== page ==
Game On For Everyone

Nestling amongst the latest upcoming titles being displayed at the recent Eurogamer expo was a row of monitors belonging to a small charity called SpecialEffect. As excited as I am about the likes of Fable 3, it’s my brief experience on the charity’s games that was the most memorable moment of that weekend for me. I tried a game first that was controlled using two joysticks and the second game, a racer, that was guided using my eyes only. The retina-tracking technology behind this was astounding and something I had never encountered before. After some quick configuration I was steering the car simply by looking in the direction I wanted it to go. Although I crashed and burned too much for my liking (a lot like my standard driving with an Xbox controller to be fair!) it was genuinely fun.

Afterwards I talked to Dr Mick Donegan, founder of SpecialEffect, who seemed delighted by the response their work had received at the expo. Us gamers can be rather passionate about our hobby but it’s also something we can take doing for granted and I believe the thought of an accident or illness leaving us unable to use a controller will strike a chord with most of us.

SpecialEffect help people with disabilities find enjoyment through gaming by developing and modifying cutting-edge technology (whether adapting controllers or utilising the eye-control tech); supporting schools, hospices and hospitals in finding the right technology for youngsters who need it and also loaning this equipment to people who have had a sudden illness or injury. Some software is created especially for youngsters, an example being five year old Lewis who the charity has helped. His body has deteriorated since the age of two due to an undiagnosed condition and leaves him unable to speak or control his movements, however the one thing he still has control over is his eyes.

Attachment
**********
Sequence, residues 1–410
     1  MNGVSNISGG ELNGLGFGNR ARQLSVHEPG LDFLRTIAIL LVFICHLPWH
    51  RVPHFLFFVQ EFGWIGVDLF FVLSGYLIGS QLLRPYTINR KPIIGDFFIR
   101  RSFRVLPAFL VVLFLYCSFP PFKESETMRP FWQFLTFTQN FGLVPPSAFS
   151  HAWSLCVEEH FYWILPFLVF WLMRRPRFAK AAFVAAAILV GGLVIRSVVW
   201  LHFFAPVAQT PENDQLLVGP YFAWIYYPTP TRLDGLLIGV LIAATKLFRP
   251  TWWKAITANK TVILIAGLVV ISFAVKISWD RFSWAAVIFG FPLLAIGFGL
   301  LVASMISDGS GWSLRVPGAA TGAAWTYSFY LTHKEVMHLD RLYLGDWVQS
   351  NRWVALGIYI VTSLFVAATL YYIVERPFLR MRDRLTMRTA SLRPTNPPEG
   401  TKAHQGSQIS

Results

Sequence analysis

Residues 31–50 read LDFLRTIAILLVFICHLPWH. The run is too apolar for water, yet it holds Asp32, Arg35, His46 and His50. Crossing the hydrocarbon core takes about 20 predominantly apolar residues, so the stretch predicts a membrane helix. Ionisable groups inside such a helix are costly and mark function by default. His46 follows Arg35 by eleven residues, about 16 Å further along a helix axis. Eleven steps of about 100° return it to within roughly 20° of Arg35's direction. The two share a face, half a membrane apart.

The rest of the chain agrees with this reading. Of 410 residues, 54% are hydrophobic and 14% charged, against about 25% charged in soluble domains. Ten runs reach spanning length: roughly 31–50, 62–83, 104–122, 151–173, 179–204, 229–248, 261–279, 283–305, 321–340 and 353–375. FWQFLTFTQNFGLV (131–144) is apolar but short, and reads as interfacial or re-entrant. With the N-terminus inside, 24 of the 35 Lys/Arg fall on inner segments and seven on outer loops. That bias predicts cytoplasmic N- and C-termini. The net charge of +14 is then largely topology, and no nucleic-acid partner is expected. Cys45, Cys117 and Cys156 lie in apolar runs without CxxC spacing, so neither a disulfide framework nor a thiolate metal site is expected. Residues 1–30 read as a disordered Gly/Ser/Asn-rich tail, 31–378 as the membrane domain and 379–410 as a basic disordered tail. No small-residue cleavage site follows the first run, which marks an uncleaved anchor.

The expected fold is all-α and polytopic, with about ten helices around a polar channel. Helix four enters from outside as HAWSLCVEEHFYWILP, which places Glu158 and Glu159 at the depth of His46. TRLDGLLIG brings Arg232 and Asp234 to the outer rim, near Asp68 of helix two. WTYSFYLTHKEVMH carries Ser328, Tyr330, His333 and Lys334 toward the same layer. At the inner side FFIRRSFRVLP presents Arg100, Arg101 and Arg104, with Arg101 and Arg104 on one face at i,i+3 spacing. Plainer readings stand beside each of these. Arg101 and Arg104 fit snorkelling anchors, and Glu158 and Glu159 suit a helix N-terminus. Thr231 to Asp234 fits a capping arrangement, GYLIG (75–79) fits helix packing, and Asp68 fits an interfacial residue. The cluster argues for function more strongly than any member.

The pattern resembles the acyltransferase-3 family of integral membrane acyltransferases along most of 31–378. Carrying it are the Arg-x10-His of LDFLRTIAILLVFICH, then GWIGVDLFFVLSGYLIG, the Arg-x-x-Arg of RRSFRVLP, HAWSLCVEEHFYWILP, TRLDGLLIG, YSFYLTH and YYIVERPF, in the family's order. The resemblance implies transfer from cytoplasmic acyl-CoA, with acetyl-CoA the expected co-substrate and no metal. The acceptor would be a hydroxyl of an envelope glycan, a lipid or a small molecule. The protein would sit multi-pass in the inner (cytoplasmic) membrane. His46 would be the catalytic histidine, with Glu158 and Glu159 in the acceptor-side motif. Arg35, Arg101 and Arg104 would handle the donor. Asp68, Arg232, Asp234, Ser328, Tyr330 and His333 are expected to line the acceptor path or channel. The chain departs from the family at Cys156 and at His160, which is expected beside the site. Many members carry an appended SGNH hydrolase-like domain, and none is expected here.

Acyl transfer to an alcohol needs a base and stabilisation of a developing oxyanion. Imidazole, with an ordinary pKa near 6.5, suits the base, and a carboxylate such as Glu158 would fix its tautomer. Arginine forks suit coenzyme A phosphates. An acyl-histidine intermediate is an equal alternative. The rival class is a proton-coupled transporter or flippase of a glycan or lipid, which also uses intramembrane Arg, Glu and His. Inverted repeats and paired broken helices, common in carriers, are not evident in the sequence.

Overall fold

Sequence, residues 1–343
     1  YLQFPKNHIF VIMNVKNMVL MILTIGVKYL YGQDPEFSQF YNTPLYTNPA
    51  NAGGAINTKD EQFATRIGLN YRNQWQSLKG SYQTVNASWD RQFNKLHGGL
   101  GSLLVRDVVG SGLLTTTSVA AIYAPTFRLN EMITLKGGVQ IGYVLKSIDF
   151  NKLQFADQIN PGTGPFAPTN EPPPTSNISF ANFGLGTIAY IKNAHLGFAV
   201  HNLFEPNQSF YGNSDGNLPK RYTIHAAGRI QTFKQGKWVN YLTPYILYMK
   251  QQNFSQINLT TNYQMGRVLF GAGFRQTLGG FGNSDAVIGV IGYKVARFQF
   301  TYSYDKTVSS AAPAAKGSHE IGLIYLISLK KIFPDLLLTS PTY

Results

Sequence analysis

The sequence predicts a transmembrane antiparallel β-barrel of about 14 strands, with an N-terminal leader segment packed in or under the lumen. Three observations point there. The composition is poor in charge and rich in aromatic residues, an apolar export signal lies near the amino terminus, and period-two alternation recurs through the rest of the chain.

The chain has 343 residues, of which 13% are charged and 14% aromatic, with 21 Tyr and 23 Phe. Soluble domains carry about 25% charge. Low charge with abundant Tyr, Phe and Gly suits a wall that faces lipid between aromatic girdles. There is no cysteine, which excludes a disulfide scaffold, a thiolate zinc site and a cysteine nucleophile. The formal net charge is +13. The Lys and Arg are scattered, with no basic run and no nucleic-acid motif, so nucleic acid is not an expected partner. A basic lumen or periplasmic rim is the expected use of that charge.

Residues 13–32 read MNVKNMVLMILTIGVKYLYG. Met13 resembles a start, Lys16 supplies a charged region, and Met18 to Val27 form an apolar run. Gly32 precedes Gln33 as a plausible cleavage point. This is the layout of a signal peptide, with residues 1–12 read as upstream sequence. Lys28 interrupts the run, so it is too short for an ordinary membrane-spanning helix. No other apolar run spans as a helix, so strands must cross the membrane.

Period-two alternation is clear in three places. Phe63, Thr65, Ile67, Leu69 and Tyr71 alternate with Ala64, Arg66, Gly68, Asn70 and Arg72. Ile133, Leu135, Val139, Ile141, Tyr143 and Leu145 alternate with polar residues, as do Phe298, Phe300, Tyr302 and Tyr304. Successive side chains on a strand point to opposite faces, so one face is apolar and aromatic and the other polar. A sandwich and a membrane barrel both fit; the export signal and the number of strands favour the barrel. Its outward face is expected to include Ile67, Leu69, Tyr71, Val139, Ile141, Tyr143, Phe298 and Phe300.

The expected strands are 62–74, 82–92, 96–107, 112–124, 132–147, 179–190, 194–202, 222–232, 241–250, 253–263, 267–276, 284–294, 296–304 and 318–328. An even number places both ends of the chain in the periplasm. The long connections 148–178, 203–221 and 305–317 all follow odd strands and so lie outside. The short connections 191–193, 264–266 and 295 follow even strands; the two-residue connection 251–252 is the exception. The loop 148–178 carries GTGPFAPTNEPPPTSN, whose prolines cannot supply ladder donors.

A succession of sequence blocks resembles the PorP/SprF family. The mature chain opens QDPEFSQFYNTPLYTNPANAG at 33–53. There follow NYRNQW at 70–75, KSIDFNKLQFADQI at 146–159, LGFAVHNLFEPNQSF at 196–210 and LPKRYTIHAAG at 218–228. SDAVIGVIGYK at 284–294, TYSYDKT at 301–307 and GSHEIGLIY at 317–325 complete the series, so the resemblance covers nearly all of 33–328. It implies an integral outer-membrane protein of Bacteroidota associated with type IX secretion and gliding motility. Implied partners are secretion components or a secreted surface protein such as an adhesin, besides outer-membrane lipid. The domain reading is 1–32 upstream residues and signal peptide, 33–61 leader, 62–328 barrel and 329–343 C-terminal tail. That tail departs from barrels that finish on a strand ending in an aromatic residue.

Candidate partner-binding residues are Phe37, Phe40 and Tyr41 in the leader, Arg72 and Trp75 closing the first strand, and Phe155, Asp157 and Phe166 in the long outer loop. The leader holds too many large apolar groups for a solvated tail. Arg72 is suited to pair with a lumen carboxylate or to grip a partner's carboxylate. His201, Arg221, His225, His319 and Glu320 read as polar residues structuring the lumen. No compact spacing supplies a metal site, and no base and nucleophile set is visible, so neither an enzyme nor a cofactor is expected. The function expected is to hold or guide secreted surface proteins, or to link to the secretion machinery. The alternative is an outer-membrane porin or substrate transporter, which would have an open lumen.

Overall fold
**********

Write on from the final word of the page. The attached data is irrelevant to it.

The charity designed a piece of software using Lewis’ favourite Cbeebies characters which works by using gaze-controlled technology I experienced at Eurogamer. Lewis uses the computer regularly and is sent new games by the SpecialEffect team that allow him to enjoy playing both with his family or independently. The StarGaze Project is an appeal, launched by SpecialEffect and it’s patron Matt Hampson who suffered a spinal injury while training for the England Under-21 rugby team in 2005. This technology is very expensive but they hope to loan out three of these special computers at a time. Being able to borrow the equipment allows somebody to discover how it works and aims to improve their quality of life immediately after an accident. They can then decide if they’d like to fund-raise for themselves or apply for statutory funding to purchase a computer.

It isn’t only self-created games that SpecialEffect can provide but they also hope that developers will be open to helping make their games more accessible to those with disabilities at the “drawing board” stage. Currently they can only adapt more mainstream games once they’ve hit the marketplace, for example, by using large pads or sticks that are easier to control than the numerous triggers, d-pads and buttons that we’re used to. The examples of modified games that were on display at the expo included Forza, F1 2010 and Live For Speed. Often something simple sounding such as allowing buttons to be remapped on a standard controller or slowing down the gameplay could make a huge difference to someone being able to play a game.

The industry is starting to become receptive to making these additions or adjustments. PopCap released Peggle with a colourblind mode, Bayonetta has an option for simplified controls and Star Trigon had a one-button fully accessible menu. Playstation Move and the Xbox’s Kinect system also have the potential to open up gaming to a wider audience, including those with disabilities. SpecialEffect have a specialist occupational therapist who is on hand to give advice to developers on the type of movements that disabled people can make therefore allowing as many as possible to join in with the gaming.  In an ideal world there should be a broad spectrum of games available regardless of a person’s physical capabilities.

A part of the charity’s work includes the GameBase site, a list of more accessible games divided into sections by console type, PC, eye-gaze etc and is a great free resource. It can be found here –

Fundraising enables the charity to continue helping people with disabilities find enjoyment through gaming and has also helped to create and maintain the world’s first fully accessible computer games suite at the Helen and Douglas House Hospice in Oxfordshire. If you’re interested in learning more about SpecialEffect or wish to donate to this fantastic cause then please visit

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